Enemies with benefits

Can collaboration lead to success in TV streaming? 2CV's Daniel Hardwick investigates

The UK has a new streaming service. Paramount+ has been launched by Paramount, the film and TV studio behind titles such as Top Gun: Maverick, South Park and Star Trek. It is the latest TV streaming service to include great series, big movies, national favourites, all time classics, must-watch content, hours upon hours upon hours of entertainment… well, you get the picture.

The fragmentation of the TV streaming industry is not a new phenomenon. However, amid a cost of living crisis and an already saturated market, the launch of Paramount+ seemingly could not have come at a more challenging time for the brand. Cash-strapped consumers are already burdened with overwhelming choice, and this new service could leave them retreating from, rather than advancing into the market.

Paramount+ has existed since 2014 in the US, first as CBS All Access before being rebranded in March 2021. It has now been launched in countries across Europe and Asia and boasts shows such as Yellowstone, 1883, Super Pumped: The Battle for Uber and Halo, an adaptation based on the video game of the same name. These shows have proved relatively successful in the US, but are more unfamiliar to UK audiences.

The dilemma of choice

Choice is great, right? Everyone loves having options, whether it’s in a restaurant, booking flights, or deciding what to spend your precious entertainment time on. However, we don’t like too much choice. Too much choice overwhelms consumers and can lead to choice deferral. Much as restaurant menus have been streamlined following the pandemic, the TV streaming industry should take heed and think about the dilemma of choice for viewers.

There are already ample signs that consumers are starting to vote with their feet. As the world emerges from the pandemic, Netflix’s first ever subscriber loss should be a warning shot across the bows of the industry that growth is not inevitable and people are being proactive about the subscriptions they don’t want to keep.

Partnering rather than competing

In this climate, there are some decisions for brands to make. Is partnering with traditional rivals, rather than competing with them, now a more viable strategy? And is exclusive content a turn off rather than a draw for viewers? The next big Netflix Original was a sure-fire bet to draw in subs, but with budgets being tightened, limiting content options can alienate viewers.

Where once it felt like new services were filling gaps in the market (remember Shudder and Mubi?), services are now launched in direct competition with each other. Brands need to be mindful of the impact that this can have, with the TV streaming industry becoming increasingly bewildering and expensive, particularly during a cost of living crisis.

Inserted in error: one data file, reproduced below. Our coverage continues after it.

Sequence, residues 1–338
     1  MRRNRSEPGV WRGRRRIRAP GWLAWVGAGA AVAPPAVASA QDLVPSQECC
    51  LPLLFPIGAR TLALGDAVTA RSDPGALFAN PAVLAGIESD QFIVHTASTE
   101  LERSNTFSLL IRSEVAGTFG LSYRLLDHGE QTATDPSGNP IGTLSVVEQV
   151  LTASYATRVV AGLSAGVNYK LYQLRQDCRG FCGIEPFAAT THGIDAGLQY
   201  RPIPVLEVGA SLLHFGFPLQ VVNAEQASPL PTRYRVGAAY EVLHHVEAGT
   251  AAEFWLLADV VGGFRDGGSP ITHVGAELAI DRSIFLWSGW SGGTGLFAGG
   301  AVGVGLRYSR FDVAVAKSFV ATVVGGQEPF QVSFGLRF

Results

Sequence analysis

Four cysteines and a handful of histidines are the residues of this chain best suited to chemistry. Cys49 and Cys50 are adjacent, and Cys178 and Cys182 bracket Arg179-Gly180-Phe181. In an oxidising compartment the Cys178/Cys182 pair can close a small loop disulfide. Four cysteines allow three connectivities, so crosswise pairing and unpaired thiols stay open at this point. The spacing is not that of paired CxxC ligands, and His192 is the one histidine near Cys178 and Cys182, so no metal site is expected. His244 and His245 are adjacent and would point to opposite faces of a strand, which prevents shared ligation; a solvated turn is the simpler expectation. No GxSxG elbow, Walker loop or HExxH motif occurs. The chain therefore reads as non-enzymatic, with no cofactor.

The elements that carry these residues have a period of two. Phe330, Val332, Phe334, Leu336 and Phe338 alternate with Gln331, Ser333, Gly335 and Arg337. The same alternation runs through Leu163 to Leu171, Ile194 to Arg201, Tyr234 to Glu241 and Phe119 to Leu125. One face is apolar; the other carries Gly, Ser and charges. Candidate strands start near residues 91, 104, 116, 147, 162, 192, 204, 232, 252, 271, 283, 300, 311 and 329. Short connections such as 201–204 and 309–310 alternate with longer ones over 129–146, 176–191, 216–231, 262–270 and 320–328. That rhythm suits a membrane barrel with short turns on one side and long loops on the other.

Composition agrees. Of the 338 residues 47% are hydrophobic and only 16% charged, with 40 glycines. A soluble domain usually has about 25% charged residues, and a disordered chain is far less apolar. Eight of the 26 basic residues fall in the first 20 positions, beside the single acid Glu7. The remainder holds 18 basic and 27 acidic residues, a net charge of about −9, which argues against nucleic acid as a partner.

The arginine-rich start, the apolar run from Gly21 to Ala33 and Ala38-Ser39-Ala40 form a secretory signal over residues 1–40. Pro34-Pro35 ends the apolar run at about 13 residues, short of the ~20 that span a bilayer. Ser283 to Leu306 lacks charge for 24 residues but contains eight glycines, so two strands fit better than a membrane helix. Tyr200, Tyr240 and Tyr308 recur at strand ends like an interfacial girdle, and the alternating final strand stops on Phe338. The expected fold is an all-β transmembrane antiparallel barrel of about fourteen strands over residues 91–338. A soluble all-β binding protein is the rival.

As such, media brands need to work closer together to ensure mutual success. There is already ample evidence that brands are realising that they can harness their respective strengths, rather than competing their way to mutual defeat.

Netflix has done this, signing a distribution deal with Comcast, while also exploring a cheaper ad-supported tier to undercut on price. Others are also following suit. Paramount+ will be available for free for Sky subscribers that have Sky Cinema and, in the US, Disney+ is offered as a bundle with Hulu and ESPN, giving access to more content and live sport.

Partnering in the sports streaming market

There has also been consolidation in the sports market, with BT Sport and Eurosport coming together to form a joint sports venture, enabling BT Sport to operate on more sure-footed ground. It has previously spent billions ensuring exclusivity of TV rights for exclusive rights to football competitions such as the UEFA Champions League. In the latest TV rights deal for that competition, BT has utilised the increase in the number of games played to give up some of this exclusivity, allowing other companies (Amazon, BBC) to show some matches but showing more games themselves overall, therefore providing viewers with more choice at the same cost.

TV certainly seems to be ahead of other forms of entertainment in this respect, though others are starting to follow the same path. In gaming, the rise of subscription services indicates a similar trend towards collaboration with cross-platform play. Although Xbox and PlayStation seem to be leaving the door open for exclusivity with acquisitions of rival game studios, subscription services such as Xbox Game Pass and PlayStation Plus have seen some publishers – previously exclusive to one console – make their games available on other platforms.

Working together and providing choice without being overwhelming or needlessly expensive

So what should we take away from all of this? Amid a cost of living crisis, it will be convenience and value that drives spending. By working together, media companies can forgo some brand equity and work with competitors to simplify and consolidate content choices for consumers. It’s providing choice, without being overwhelming or needlessly expensive. In the current economic climate, this will be a more compelling offer than the latest exclusive show only available on one platform.

Featured image: Halo The Series / Paramount

Daniel Hardwick

Daniel Hardwick, Associate Director at 2CV, has a decade of experience in the tech and entertainment sector. He has worked with gaming brands such as Scopely, to help them understand their brands and audiences, and PlayStation on a number of recent hardware, service and channel studies, while also developing thought leadership research on the gaming sector. He has also led multi-market studies for other media clients such as Facebook and the BBC, helping them to understand their brands, audience behaviour and attitudes.

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